As in other countries markets are awaiting the first data from March in order to gauge the economic impact of the global spread of the Coronavirus and the precipitous decline in equity markets. The sole March information, the Westpac consumer confidence number was far weaker than expected but it was better than recent reading in October 2019, -5.5% and July -4.1%. It is does not represent dire conditions for the Australian consumer.
In lieu of hard economic Information markets will continue to be whipsawed by government, central bank and viral developments.
US statistics March 9-13
Economic information that reflects the situation prior to the advent of the virus has ceased to affect markets which remain focused on government and central bank issues.
Inflation was slightly higher than forecast in February at 0.1% on the month and 2.3% annually in the headline and 2.4% on the year in the core and 0.2% for the month.
Initial jobless claims in the first week of March at 211,000 and 214,000 in the 4-week moving average show no impact from the partial economic shutdown in China or its supply chain disruptions in the US. This statistic is one to watch in the next weeks for evidence of layoffs when and if domestic business begins to slow.
Michigan consumer sentiment for March, the first consumption oriented information was a bit stronger than forecast at 95.9 over 95.0 though down from February’s 101 which was the second highest reading since the recession. If this attitude holds up it is good news for the US economy which is 70% consumption based.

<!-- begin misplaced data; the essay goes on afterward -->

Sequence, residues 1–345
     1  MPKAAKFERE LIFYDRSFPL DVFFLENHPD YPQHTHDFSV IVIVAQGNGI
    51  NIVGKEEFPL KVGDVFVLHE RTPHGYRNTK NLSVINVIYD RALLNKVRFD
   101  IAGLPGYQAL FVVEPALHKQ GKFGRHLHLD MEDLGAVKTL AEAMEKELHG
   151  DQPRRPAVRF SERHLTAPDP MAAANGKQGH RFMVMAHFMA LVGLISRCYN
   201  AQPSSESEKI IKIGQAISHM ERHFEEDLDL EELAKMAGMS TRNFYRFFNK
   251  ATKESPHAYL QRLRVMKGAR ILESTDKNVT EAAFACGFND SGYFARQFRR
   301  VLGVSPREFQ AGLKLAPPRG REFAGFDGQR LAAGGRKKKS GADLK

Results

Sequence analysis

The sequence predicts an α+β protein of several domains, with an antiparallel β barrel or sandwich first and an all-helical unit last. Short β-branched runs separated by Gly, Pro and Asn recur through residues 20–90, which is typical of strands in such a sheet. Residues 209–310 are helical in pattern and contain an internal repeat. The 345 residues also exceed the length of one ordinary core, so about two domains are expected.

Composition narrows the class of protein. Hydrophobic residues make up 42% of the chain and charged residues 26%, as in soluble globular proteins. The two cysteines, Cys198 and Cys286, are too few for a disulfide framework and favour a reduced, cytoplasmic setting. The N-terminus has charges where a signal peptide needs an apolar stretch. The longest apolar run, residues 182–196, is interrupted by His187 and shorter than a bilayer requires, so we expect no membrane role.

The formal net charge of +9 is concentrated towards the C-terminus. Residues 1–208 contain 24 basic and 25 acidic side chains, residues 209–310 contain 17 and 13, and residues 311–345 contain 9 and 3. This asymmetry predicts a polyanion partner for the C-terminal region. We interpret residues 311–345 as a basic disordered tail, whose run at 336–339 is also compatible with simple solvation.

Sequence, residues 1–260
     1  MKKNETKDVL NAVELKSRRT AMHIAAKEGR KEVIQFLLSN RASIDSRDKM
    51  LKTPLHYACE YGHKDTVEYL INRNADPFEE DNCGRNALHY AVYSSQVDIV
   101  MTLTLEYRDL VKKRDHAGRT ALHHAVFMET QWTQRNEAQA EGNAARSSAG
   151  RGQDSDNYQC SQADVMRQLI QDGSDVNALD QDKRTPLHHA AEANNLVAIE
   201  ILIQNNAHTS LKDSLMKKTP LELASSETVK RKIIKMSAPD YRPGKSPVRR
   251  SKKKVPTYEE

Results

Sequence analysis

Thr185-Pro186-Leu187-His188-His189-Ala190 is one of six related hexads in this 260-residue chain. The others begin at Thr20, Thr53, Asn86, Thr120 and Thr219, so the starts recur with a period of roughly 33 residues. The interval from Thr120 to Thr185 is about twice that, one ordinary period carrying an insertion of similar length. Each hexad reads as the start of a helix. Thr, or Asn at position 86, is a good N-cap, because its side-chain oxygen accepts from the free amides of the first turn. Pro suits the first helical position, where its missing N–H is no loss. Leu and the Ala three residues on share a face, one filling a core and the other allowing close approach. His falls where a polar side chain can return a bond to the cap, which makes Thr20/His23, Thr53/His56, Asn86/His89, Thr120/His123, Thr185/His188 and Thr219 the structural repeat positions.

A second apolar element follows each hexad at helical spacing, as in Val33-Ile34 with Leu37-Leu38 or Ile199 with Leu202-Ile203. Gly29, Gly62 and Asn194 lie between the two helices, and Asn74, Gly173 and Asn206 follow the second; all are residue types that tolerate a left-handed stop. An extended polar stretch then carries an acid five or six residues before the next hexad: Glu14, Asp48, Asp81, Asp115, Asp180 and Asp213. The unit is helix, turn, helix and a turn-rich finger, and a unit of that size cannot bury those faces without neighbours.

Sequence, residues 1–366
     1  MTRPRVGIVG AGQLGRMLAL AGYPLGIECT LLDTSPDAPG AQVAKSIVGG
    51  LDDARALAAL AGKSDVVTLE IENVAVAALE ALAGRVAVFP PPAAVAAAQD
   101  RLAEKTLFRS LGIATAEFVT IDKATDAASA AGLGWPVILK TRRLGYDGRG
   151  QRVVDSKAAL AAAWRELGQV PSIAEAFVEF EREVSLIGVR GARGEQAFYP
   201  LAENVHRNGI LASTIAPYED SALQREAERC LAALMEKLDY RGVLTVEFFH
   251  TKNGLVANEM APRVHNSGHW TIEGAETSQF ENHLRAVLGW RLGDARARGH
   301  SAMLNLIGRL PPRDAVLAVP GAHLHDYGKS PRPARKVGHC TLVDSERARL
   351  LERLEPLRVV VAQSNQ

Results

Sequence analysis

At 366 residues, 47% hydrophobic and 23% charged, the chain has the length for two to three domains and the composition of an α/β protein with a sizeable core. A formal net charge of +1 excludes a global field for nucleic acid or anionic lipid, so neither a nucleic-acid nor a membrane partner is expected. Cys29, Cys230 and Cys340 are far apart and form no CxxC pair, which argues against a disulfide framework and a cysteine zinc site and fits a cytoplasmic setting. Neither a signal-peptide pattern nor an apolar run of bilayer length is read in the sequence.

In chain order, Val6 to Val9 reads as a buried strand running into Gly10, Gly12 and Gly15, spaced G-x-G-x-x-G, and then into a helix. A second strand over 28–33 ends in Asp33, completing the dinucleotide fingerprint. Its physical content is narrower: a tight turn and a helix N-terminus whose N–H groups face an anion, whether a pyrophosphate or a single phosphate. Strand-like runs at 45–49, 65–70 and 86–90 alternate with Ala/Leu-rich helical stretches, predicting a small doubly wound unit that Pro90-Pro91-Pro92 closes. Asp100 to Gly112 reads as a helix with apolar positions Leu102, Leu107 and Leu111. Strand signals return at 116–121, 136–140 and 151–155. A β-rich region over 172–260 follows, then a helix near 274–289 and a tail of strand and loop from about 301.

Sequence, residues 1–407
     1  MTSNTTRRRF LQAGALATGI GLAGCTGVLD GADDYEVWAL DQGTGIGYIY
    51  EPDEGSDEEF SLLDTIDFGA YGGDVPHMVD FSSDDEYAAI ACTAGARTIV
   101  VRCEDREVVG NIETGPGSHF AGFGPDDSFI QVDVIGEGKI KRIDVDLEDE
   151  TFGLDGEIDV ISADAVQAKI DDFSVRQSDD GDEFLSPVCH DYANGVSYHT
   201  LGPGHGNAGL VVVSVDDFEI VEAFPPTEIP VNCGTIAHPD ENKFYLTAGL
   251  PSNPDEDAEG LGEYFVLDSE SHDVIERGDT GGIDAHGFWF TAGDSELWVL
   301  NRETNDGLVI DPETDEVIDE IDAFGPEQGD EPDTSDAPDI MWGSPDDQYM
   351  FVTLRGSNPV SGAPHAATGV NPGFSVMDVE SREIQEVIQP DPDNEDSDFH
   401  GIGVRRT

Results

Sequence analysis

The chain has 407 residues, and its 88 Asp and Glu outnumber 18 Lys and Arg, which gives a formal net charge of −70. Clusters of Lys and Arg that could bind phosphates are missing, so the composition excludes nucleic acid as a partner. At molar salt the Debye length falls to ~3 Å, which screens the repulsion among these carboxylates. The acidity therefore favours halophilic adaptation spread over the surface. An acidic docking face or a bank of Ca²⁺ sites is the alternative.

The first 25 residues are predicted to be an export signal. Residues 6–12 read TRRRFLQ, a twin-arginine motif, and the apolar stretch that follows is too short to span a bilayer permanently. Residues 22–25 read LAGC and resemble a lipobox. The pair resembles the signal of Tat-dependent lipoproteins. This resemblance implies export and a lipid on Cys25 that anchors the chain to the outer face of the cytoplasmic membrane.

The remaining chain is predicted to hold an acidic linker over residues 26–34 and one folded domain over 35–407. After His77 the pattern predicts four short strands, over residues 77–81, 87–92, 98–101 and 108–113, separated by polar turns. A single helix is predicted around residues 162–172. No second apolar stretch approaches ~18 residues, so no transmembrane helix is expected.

US statistics March 16-20
Retail sales for February are forecast to gain 0.2% after January’s 0.3% rise. Sales ex-autos are expected to be unchanged at 0.3% and the control group to rise 0.15 following flat in January.
The Federal Reserve rate decision dominates the agenda. After the emergency cut of 0.5% last week the futures markets expects further action from the central bank. Either a 50 basis point cut, 24.3% or a 75 point one, 75.7%. The Fed announcement on Friday of additional bond purchases likely increased the rate cut odds.
Initial jobless claims for the March 13th week. Any hint of layoffs will worry investors.
US statistics conclusion